"As graduates, we stand not only at the starting gate of a new era in our own lives, nor just at the dawn of a new century, but also upon the beginning of a new age," said Schneider. "An age in which the rigid and hierarchical systems of the last century -- whether political, cultural, scientific or economic -- are quickly being replaced by an integration of systems across disciplines and borders in which information, people, and movements are traveling at speeds and rates of adoption unimaginable even a generation ago. This will be, if you will, a digital age."

grads1He encouraged students to "pick something. A field, an interest. Let it drive you. If it feels meaningful, fulfilling and significant, dig deeper. If it feels wrong or shallow, stop and try something else. Trying and failing is surely the noble path in comparison to sticking to the safe harbors. The opportunities that we have created for ourselves should not, indeed, can not be squandered."

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Schneider came to the Smith School with an impressive background in the public sector, having served as assistant to the chief domestic policy advisor to the Vice President of the United States in the White House. He went on to positions in the United States Embassy in Macedonia and the American Chamber of Commerce in Macedonia.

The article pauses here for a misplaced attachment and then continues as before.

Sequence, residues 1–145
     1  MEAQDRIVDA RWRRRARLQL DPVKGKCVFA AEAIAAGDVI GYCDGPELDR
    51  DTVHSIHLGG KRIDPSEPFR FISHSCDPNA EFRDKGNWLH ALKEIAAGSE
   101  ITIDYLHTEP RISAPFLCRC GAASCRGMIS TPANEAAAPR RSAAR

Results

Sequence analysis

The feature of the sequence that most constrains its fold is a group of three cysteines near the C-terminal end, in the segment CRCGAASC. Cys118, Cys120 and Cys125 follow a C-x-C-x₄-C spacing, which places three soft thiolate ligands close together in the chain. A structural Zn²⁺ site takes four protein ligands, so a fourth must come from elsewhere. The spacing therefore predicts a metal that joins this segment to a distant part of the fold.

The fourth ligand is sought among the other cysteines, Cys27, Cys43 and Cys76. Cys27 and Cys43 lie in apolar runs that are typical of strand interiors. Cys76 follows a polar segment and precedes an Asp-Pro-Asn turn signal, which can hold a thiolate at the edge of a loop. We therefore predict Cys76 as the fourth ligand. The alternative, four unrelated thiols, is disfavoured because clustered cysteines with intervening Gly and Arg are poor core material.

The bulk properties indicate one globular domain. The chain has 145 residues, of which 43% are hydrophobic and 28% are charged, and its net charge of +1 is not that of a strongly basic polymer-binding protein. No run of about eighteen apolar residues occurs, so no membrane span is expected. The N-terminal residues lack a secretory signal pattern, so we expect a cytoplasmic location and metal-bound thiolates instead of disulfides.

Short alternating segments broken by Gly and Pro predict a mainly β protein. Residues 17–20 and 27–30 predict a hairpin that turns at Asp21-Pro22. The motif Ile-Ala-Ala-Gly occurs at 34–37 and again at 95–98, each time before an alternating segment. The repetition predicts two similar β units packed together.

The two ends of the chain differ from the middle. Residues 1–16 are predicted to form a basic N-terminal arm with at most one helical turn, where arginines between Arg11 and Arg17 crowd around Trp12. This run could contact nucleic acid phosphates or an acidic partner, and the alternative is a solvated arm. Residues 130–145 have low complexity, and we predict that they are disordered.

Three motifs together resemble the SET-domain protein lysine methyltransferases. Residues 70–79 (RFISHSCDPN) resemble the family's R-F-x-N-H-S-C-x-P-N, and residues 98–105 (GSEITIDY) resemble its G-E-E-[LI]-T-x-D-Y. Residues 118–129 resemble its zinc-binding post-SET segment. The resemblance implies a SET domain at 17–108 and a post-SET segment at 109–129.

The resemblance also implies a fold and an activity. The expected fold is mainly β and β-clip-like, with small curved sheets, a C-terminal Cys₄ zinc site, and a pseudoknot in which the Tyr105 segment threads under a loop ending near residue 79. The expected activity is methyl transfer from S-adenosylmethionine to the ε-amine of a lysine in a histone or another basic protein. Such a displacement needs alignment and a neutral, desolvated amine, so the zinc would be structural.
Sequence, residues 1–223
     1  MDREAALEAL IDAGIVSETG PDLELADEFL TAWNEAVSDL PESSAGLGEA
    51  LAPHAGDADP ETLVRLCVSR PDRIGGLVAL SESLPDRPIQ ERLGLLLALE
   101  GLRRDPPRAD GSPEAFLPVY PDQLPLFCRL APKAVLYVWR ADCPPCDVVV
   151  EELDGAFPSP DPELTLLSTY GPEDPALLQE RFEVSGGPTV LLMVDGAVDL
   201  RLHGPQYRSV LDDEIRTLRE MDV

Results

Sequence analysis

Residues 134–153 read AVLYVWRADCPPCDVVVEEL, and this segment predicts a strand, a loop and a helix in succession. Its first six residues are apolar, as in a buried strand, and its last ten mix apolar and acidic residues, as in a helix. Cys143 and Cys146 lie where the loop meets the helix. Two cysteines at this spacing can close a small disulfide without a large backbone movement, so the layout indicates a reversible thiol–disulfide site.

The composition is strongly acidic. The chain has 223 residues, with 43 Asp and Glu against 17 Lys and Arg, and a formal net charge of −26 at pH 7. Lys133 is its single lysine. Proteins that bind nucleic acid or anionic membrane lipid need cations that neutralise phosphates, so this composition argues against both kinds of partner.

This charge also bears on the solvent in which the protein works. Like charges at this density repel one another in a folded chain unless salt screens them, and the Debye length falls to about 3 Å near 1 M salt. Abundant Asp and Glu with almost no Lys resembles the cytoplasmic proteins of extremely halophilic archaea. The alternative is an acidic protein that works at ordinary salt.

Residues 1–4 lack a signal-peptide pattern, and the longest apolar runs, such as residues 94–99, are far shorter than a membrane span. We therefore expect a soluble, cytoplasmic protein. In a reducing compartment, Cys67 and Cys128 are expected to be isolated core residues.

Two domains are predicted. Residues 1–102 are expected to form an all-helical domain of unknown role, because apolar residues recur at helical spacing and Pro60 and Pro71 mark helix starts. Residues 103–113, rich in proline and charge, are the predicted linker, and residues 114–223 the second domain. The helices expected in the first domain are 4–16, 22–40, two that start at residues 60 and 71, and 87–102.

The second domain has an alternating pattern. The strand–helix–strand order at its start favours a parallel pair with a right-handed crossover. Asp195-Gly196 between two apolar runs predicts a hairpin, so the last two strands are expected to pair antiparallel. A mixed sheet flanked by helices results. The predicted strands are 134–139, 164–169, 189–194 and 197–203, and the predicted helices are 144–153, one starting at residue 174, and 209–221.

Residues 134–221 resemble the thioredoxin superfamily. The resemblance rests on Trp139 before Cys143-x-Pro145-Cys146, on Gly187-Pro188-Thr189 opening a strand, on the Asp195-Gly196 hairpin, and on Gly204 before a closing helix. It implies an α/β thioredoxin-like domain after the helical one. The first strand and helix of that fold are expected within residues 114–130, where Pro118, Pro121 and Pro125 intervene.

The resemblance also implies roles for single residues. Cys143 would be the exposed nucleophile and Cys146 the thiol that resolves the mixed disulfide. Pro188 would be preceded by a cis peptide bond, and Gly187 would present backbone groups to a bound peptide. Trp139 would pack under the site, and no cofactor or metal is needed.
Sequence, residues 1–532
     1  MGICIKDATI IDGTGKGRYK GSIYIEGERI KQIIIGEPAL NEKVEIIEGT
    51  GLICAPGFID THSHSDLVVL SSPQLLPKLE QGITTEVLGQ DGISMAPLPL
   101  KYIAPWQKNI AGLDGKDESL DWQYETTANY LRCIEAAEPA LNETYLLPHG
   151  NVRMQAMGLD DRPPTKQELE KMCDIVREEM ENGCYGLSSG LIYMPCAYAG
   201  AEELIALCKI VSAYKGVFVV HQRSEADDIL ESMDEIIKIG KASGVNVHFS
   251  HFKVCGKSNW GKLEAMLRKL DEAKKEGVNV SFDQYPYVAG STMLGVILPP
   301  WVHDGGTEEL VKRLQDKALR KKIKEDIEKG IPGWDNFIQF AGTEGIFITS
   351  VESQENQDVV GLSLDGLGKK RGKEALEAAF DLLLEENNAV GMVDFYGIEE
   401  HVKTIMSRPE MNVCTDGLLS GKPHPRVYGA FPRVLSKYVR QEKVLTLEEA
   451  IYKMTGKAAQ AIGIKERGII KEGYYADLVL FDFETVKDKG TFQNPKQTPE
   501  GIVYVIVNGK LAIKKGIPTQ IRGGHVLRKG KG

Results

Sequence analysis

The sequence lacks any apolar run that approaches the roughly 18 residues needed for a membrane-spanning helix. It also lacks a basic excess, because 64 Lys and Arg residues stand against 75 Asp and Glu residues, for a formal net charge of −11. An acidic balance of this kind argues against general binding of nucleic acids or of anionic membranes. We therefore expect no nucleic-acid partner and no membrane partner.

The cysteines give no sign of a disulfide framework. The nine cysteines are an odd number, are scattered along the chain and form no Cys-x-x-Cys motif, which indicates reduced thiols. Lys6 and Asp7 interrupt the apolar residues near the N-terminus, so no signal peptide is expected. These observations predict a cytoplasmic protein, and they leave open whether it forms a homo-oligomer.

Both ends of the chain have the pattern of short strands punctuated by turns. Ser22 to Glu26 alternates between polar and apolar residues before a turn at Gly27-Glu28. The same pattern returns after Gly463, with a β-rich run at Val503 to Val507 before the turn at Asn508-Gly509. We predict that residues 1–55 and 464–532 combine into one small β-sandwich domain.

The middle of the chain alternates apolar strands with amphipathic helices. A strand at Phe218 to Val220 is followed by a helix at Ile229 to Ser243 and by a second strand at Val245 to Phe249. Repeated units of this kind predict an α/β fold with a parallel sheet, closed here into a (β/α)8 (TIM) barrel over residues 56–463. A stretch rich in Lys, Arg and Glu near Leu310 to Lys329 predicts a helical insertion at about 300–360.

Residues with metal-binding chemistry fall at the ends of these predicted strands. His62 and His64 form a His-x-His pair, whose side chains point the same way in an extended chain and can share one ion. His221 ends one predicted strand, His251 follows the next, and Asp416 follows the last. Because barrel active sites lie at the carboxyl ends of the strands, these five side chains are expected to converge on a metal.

Brian Bartlett delivered the undergraduate student address. He said that he has seen Smith and UM grow during his years here - sports and academics. Smith graduates are the leaders of the UM class of 2005. "It is our job to live up to the hype," he said. "We are even better prepared than they think."

gradsBrian Bartlett graduated Summa Cum Laude with a perfect grade point average of 4.0 received a Bachelors degree in finance and international business from the Smith School, and a Bachelors degree in economics from the School of Behavioral and Social Sciences. He became very involved in the UM community, serving as president of the Phi Alpha Delta Pre-Law Fraternity, president and player on the Maryland Men's Ice Hockey team, and a member of Omicron Delta Kappa, the Finance, Banking and Investment Society, and the Economics Association of Maryland. He also spent a semester in Australia studying at the Royal Melbourne Institute of Technology.

▓ Photos and story by Alissa Arford-Leyl, Office of Marketing Communications

About the University of Maryland's Robert H. Smith School of Business 

The Robert H. Smith School of Business is an internationally recognized leader in management education and research. One of 12 colleges and schools at the University of Maryland, College Park, the Smith School offers undergraduate, full-time and part-time MBA, executive MBA, online MBA, MS in business, PhD and executive education programs, as well as outreach services to the corporate community. The school offers its degree, custom and certification programs in learning locations in North America and Asia.